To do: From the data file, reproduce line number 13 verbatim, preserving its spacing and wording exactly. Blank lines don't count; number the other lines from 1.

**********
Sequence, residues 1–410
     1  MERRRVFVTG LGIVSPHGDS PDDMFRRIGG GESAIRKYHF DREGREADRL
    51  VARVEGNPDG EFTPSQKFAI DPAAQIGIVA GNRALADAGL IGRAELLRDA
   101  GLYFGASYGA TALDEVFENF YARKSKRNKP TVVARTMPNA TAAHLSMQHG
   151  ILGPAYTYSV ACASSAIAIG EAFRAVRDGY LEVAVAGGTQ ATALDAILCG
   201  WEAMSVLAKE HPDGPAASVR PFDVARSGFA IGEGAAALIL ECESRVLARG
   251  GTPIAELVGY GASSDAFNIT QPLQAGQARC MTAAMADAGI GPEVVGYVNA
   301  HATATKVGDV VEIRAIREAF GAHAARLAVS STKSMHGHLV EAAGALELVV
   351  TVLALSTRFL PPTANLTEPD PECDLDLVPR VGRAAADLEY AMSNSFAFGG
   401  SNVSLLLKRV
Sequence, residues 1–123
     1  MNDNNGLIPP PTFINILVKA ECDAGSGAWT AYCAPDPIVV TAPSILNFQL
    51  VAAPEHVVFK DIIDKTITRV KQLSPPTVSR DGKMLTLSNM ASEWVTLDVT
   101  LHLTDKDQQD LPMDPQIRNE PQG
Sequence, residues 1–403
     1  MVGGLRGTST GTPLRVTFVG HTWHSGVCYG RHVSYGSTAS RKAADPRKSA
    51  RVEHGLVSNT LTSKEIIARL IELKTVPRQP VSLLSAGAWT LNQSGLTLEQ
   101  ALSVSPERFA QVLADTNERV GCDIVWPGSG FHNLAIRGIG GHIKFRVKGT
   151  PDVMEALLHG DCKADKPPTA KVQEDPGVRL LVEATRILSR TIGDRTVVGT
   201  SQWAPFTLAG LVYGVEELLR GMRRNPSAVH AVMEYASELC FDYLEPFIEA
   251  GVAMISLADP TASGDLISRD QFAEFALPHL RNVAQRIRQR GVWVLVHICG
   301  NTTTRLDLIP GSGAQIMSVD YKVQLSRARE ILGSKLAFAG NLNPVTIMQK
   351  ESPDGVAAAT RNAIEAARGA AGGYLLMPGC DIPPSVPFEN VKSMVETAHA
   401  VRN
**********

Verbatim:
    51  VAAPEHVVFK DIIDKTITRV KQLSPPTVSR DGKMLTLSNM ASEWVTLDVT